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US Congress set to grill spy chiefs

Source BBC News@ tienganhvui.com


National Security Agency Director General Keith Alexander, Director of National Intelligence James Clapper and Deputy Attorney General James Cole appear before the Senate (Select) Intelligence Committee on 26 September 2013 Gen Alexander, Director of National Intelligence James Clapper, and Deputy Attorney General James Cole, seen here on 26 September, are scheduled to testify



Senior US spy chiefs are scheduled to appear before the House intelligence committee amid reports the US has eavesdropped on leaders of US allies.


Director of National Intelligence James Clapper and National Security Agency head Gen Keith Alexander will testify.


Earlier the US Senate's intelligence committee announced a major review of the country's surveillance operations.


President Barack Obama faces criticism over reports he was unaware of the extent of the spying.


Tuesday's hearing follows calls by US Senate intelligence committee chairwoman Diane Feinstein to end eavesdropping on leaders of friendly nations.




President Obama says he wants to ''review'' the NSA's operations



Ms Feinstein said the White House had told her such surveillance would stop, but a senior administration official told the BBC there was no policy change so far.


In a television interview, the US president said the country's national security operations were being reassessed to ensure the National Security Agency's (NSA) growing technological capability was kept under control.


"We give them policy direction," he told ABC's Fusion network.


"But what we've seen over the last several years is their capacities continue to develop and expand, and that's why I'm initiating now a review."


German media has reported that the US bugged German Chancellor Angela Merkel's phone for more than a decade - and that the surveillance only ended a few months ago. It has also been reported that the NSA spied on French diplomats in Washington and at the UN, that it conducted surveillance on millions of French and Spanish telephone calls, among other operations against US allies.


'Totally opposed'

In the wake of the Merkel revelations, Ms Feinstein called for a "total review" of US intelligence programmes.




Jay Carney: "There has been extraordinary change... in the way we transmit and gather information"



"With respect to NSA collection of intelligence on leaders of US allies - including France, Spain, Mexico and Germany - let me state unequivocally: I am totally opposed," she said in a statement.


"It is my understanding that President Obama was not aware Chancellor Merkel's communications were being collected since 2002. That is a big problem."


Ms Feinstein said the White House had told her that all surveillance of leaders of countries friendly to the US would stop.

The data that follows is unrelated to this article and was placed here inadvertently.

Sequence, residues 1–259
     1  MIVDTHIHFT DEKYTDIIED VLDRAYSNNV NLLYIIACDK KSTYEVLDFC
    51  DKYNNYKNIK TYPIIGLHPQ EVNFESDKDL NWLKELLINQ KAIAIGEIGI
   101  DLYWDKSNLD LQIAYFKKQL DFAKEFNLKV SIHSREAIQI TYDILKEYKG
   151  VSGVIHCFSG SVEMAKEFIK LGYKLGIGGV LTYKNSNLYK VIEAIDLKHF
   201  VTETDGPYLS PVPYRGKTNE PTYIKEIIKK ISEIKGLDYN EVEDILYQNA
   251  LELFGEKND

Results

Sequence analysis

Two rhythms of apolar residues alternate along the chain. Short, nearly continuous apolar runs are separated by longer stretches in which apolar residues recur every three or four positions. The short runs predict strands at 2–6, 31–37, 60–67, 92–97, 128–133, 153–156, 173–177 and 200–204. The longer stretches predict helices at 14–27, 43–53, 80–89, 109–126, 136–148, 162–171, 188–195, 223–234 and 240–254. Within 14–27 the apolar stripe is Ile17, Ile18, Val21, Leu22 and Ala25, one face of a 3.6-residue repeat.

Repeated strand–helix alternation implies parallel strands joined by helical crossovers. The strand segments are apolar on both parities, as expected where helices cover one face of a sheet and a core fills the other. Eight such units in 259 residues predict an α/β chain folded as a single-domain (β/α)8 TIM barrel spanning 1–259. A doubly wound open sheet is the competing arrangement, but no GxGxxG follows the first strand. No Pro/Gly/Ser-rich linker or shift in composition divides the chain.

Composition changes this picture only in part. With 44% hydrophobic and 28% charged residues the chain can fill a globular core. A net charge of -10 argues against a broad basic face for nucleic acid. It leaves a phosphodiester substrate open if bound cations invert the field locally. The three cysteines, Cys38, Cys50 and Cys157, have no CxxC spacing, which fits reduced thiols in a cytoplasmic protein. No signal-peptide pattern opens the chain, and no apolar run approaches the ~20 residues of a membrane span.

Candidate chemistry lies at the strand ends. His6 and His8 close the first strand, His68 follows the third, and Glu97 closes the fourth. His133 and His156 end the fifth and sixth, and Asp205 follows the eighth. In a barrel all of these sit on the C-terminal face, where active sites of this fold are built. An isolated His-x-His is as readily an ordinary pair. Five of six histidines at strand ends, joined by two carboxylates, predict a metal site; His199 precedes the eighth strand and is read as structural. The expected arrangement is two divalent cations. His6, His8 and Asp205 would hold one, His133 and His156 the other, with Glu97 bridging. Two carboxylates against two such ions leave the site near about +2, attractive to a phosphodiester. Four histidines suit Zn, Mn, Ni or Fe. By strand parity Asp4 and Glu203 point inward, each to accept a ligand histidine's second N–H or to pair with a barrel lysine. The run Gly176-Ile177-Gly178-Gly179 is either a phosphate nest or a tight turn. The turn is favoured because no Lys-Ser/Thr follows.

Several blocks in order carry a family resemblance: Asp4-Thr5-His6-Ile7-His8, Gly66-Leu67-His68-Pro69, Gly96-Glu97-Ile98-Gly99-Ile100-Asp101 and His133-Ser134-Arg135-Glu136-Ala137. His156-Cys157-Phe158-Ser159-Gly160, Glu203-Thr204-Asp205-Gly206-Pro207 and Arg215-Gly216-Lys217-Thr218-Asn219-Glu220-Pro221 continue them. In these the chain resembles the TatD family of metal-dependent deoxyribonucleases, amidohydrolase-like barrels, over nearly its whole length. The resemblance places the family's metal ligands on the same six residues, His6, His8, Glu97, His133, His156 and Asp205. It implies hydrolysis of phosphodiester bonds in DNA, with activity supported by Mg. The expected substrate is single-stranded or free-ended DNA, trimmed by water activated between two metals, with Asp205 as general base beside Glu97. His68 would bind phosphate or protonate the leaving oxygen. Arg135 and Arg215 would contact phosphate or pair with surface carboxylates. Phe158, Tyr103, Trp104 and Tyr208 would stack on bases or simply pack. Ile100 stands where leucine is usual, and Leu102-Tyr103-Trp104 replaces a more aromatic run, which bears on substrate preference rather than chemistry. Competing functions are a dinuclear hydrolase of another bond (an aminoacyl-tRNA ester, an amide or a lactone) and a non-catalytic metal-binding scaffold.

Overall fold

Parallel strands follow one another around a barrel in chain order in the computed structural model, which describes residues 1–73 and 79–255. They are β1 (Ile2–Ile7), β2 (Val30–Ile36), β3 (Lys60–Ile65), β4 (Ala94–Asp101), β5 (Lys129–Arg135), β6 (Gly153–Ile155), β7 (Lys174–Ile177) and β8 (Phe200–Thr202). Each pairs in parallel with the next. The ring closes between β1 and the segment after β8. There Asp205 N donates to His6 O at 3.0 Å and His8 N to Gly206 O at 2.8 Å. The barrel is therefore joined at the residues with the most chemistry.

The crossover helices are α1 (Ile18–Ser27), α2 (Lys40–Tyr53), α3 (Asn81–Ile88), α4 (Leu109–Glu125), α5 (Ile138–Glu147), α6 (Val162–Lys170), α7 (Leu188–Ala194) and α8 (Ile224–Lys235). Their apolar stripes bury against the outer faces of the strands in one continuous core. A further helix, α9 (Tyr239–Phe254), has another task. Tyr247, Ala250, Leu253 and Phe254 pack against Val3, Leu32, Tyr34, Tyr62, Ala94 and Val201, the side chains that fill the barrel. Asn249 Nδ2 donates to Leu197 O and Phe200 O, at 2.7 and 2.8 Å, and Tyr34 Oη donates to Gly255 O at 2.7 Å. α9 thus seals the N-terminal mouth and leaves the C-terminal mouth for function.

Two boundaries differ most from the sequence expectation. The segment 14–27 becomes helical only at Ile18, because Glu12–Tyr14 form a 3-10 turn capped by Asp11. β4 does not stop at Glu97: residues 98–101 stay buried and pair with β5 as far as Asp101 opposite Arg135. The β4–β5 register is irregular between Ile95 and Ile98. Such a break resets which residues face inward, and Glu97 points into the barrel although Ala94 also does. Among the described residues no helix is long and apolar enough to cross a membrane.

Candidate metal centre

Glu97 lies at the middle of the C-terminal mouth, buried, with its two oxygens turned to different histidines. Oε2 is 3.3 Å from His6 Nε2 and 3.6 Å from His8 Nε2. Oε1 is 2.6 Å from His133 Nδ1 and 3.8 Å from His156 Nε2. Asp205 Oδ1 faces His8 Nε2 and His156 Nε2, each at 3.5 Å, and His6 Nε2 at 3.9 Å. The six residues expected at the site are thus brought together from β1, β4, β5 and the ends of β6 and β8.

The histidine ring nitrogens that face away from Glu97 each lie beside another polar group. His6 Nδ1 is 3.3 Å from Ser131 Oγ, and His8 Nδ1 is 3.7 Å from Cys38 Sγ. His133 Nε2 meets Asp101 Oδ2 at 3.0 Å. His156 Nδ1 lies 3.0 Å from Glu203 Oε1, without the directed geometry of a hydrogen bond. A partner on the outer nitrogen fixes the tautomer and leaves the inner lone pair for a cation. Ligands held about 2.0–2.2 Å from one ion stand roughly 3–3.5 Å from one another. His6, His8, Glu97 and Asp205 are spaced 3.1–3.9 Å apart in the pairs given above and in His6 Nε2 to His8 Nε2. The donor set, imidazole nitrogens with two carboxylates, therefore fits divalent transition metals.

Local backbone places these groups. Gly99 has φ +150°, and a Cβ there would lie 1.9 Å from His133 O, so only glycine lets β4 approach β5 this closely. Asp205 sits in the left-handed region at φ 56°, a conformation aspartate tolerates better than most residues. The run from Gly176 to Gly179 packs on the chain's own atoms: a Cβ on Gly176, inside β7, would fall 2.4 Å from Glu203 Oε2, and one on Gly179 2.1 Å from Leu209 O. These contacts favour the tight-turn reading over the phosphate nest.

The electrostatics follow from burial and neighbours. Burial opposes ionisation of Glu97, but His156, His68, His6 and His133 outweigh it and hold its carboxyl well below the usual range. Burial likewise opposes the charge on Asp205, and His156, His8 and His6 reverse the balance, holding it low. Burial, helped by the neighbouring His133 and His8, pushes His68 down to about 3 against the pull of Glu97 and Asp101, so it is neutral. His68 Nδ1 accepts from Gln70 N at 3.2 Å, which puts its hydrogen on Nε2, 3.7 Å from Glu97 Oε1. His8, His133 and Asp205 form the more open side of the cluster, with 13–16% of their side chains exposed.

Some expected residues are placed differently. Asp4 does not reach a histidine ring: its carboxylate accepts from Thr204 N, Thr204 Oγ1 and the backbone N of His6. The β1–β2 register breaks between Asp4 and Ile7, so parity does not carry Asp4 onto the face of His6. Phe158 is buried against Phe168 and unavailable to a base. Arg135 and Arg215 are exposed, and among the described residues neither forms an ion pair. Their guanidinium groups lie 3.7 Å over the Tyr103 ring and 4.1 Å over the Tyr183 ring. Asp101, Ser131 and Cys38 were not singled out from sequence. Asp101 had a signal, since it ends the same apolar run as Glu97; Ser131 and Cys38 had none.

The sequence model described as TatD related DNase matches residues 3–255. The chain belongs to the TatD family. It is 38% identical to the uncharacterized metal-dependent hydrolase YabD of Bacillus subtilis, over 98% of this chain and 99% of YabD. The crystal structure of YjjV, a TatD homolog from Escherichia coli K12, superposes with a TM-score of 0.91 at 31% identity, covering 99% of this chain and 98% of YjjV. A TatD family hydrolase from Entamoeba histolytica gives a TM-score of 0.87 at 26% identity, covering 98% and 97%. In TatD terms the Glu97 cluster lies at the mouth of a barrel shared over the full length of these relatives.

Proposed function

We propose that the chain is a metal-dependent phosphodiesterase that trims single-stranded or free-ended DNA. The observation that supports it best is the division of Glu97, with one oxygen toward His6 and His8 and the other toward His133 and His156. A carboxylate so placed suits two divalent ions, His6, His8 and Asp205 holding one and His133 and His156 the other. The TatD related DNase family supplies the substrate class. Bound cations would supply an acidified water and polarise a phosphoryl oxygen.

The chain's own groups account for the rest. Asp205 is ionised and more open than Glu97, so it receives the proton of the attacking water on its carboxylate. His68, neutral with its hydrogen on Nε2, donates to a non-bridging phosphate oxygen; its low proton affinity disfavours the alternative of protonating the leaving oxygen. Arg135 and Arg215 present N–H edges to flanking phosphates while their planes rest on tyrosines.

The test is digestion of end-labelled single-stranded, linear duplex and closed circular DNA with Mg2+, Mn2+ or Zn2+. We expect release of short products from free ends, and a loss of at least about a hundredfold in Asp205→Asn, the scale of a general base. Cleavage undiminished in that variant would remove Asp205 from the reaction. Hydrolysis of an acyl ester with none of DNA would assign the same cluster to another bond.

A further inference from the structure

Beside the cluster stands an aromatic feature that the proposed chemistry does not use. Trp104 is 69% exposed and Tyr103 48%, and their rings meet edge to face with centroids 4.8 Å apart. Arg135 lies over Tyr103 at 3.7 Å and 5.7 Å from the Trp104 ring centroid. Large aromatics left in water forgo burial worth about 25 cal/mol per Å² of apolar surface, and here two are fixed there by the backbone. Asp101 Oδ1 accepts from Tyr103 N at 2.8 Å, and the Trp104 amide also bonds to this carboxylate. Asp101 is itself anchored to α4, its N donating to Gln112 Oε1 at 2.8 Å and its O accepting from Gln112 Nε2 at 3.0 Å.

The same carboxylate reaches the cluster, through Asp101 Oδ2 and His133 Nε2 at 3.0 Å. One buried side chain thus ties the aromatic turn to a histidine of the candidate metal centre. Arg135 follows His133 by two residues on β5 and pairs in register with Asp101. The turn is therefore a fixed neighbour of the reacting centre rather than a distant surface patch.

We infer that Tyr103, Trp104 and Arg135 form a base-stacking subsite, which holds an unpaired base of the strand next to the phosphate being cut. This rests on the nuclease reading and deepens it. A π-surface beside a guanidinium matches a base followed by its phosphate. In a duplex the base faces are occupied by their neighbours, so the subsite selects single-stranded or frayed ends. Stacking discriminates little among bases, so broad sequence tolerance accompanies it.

However, a senior administration official has told the BBC that is not accurate - and that while there have been individual changes there have not been policy changes, such as terminating intelligence gathering aimed at allies.


Also on Monday, White House spokesman Jay Carney told reporters that the administration "recognise[s] there needs to be additional constraints on how we gather and use intelligence".


The BBC's Jonny Dymond in Washington says Gen Alexander and Mr Clapper can expect tough questions from Congress as politicians of all stripes have been angered by the revelations of large-scale intelligence gathering on both Americans and US allies.


Spying pact


What do people in Spain make of news 60 million calls were tracked?



Earlier on Monday, representatives from the European Parliament's Committee on Civil Liberties, Justice and Home Affairs spoke to members of the US Congress about the alleged US spying on European leaders and citizens.


The European delegation was reportedly unhappy with the "stock" responses from US officials on the issue.



'Five Eyes' agreement



  • Initially a top-secret deal signed between the US and UK in March 1946

  • It committed both nations to sharing communications intelligence, continuing the practices of WWII

  • Later referred to as the "UKUSA Agreement", it formed the basis for intelligence co-operation

  • The agreement was later extended to cover Canada, Australia and New Zealand

  • Other countries also reported to have joined the community

  • The full text of the initial agreement was released by Britain's National Archives in 2005




Their visit coincided with reports that the US had monitored 60 million Spanish telephone calls in a month and asked the Japanese government to help it monitor fibre-optic cables carrying personal data through Japan, to the Asia-Pacific region.


According to Spain's El Mundo newspaper, the NSA tracked tens of millions of phone calls, texts and emails of Spanish citizens in December 2012 and January 2013.


The Japanese news agency Kyodo said Japan refused the NSA's request, citing legal restriction and staff shortages.


Mrs Merkel is also sending German intelligence officials to Washington.


The allegations of US surveillance on international allies stem from documents leaked by fugitive ex-US intelligence contractor Edward Snowden, now living in Russia.


The US has had a "no-spying pact", known as Five Eyes, with Britain since just after World War II, with Australia, New Zealand and Canada later joining.





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